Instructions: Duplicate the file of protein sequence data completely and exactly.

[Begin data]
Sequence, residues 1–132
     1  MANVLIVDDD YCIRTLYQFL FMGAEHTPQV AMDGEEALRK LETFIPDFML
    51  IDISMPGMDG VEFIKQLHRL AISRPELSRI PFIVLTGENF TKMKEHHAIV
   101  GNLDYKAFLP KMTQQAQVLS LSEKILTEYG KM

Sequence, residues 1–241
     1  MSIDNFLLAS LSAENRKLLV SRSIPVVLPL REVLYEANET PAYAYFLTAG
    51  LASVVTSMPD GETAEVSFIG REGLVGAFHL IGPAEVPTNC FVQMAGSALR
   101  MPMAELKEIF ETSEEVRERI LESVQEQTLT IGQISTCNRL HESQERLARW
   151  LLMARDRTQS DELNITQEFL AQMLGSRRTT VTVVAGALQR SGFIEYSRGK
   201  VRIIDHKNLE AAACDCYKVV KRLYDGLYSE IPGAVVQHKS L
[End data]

Sequence, residues 1–132
     1  MANVLIVDDD YCIRTLYQFL FMGAEHTPQV AMDGEEALRK LETFIPDFML
    51  IDISMPGMDG VEFIKQLHRL AISRPELSRI PFIVLTGENF TKMKEHHAIV
   101  GNLDYKAFLP KMTQQAQVLS LSEKILTEYG KM

Sequence, residues 1–241
     1  MSIDNFLLAS LSAENRKLLV SRSIPVVLPL REVLYEANET PAYAYFLTAG
    51  LASVVTSMPD GETAEVSFIG REGLVGAFHL IGPAEVPTNC FVQMAGSALR
   101  MPMAELKEIF ETSEEVRERI LESVQEQTLT IGQISTCNRL HESQERLARW
   151  LLMARDRTQS DELNITQEFL AQMLGSRRTT VTVVAGALQR SGFIEYSRGK
   201  VRIIDHKNLE AAACDCYKVV KRLYDGLYSE IPGAVVQHKS L